Murder in Galway by Carlene O’Connor (Home to Ireland Mystery Book 1)
English | 2020 | Mystery & Thriller | ePUB | 2.0 MB
ara never imagined her introduction to Ireland like this—carrying her mam’s ashes to honor her final request: “Tell Johnny I’m sorry…Take me home.” She’s never met her mam’s estranged brother, Johnny Meehan, who owns an architectural salvage business in Galway. Although Tara is immediately charmed by the medieval city, the locals seem wary of strangers and a gypsy warns her that death is all around.
When Tara arrives at her uncle’s stone cottage, the prophesy seems true. A dead man lies sprawled over the threshold in a pool of blood. The victim turns out to be Johnny’s wealthiest client, and her missing uncle is the garda’s number-one suspect. In trying to find Johnny and solve the crime, Tara uncovers her mam and uncle’s troubled past. But with a desperate killer about, she had better mind herself, or they’ll be tossing her ashes in Galway Bay…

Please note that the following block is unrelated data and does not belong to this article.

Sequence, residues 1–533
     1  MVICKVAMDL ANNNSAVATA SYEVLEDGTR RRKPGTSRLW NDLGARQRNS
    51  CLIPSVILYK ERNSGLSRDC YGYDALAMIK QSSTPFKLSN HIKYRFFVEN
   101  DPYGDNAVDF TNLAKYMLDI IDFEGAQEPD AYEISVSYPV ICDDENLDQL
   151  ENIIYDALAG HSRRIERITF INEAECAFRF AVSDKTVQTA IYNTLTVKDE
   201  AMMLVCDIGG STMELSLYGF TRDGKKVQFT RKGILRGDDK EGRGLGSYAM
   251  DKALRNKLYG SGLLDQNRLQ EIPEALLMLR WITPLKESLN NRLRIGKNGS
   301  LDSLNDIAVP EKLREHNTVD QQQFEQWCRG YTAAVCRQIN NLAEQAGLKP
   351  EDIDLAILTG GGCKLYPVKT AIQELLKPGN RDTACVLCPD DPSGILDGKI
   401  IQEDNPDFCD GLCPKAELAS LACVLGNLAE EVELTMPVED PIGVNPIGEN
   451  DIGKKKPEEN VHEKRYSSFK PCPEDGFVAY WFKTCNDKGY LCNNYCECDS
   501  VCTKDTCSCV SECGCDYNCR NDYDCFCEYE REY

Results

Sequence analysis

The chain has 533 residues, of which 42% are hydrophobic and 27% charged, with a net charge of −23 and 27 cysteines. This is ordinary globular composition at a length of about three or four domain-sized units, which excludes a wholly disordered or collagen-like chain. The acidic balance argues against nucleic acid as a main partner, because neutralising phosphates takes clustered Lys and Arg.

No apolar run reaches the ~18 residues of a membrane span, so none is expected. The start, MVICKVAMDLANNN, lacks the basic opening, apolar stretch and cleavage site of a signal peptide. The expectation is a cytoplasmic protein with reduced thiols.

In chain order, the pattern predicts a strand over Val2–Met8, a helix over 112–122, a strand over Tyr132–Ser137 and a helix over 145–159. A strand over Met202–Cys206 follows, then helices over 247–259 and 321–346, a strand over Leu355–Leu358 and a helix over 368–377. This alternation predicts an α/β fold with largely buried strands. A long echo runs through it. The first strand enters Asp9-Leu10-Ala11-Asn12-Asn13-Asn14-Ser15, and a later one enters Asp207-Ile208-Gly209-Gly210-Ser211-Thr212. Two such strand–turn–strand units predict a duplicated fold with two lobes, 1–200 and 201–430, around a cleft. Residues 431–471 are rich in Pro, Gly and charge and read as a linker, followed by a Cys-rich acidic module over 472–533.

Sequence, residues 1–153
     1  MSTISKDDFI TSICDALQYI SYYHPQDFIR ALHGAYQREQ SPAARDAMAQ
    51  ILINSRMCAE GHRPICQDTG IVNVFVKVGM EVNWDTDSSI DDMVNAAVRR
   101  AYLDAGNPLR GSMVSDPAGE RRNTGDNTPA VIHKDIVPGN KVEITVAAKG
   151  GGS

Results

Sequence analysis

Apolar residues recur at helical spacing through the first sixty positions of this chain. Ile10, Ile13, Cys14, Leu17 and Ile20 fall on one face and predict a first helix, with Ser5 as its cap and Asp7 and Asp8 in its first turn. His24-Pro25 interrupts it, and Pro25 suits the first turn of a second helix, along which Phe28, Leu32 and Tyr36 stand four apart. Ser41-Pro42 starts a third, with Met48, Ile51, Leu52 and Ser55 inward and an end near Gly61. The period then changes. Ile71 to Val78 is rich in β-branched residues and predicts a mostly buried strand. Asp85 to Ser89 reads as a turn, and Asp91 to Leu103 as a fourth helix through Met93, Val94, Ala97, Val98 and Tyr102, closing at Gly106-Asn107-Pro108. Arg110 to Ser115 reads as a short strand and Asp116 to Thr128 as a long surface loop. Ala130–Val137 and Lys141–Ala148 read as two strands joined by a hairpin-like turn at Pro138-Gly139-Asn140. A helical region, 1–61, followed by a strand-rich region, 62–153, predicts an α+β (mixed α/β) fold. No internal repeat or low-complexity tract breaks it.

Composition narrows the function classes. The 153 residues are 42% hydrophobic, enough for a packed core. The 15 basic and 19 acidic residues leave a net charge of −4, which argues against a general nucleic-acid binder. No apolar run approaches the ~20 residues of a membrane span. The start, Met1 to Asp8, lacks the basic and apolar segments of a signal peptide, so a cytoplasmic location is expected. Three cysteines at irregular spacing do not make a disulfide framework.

Emmet Walsh never thought he’d find himself in the middle of a fairy tale, but if Johnny Meehan didn’t answer his door and produce Emmet’s prized pig, he was going to huff, and puff, and most definitely blow something down. He prayed with each plodding step on the way to the stone cottage, fists clenched at his sides, that it wouldn’t come to actual blows. He just wanted what belonged to him. He’d paid Irish Revivals a fortune to source this collector’s item, and he refused to put up with any more of Johnny Meehan’s shenanigans. If Meehan was trying to hold out for more money, he was going to regret it. The agreed-upon sum was quite a dear one, it was done and dusted, and Johnny Meehan was going to hand it over. Today. This rare gem, a cast-iron pig for the garden, was once owned by a Japanese princess. Imagine that, now. Emmet smiled as the photograph from the catalogue rose before him like a mirage in the desert, making his trek slightly less intolerable. The mud was thick here, something between a bog and a bother. The earthy scent of the Galway Bay was strong, effortlessly carried by the breeze that also succeeded in blowing stray hairs of his white beard into his mouth as he trudged onward. This hadn’t been the plan when he woke up this morning. Johnny should have met him at the door to the salvage mill. How had it come to this, being forced to invade a man’s home? Johnny Meehan had left him no choice. He had Emmet’s money, didn’t he? Why was he torturing Emmet? He saw the pig in his mind’s eye. It was photographed sitting in the garden next to that beautiful Asian princess. The cast-iron pig was about a foot high. Sitting on its bottom, the mouth open in a laugh, the hands (would you call them hands, like?) resting on its full belly, legs splayed out, mouth (snout?) open in a laugh. The patina of green around the ears. Gorgeous. And instead of hooves this little piggy had tiny fingers and toes. Eyes so open and real he could almost see the twinkle in them. And that was only from a photo. Emmet couldn’t wait to feel the heft of the little piggy in his hands. Everything was made with plastic these days. Bollocks. Give him cast iron. Give him quality. Give him an item owned by royalty. He could not wait. Yet wait he had. He had waited, and waited, and waited. No more. The sun was coming up over Galway. There wasn’t a moment to waste. He picked up his pace, sweat breaking out on his brow. He was already so in love. He would set the pig in front of his prize-winning rose bushes in the garden. It had taken Johnny Meehan an entire year to track the pig to a banker in Manchester, England, and another six months to convince him to sell. Emmet had paid dearly, both in desire and euro. Johnny Meehan was not going to get away with this.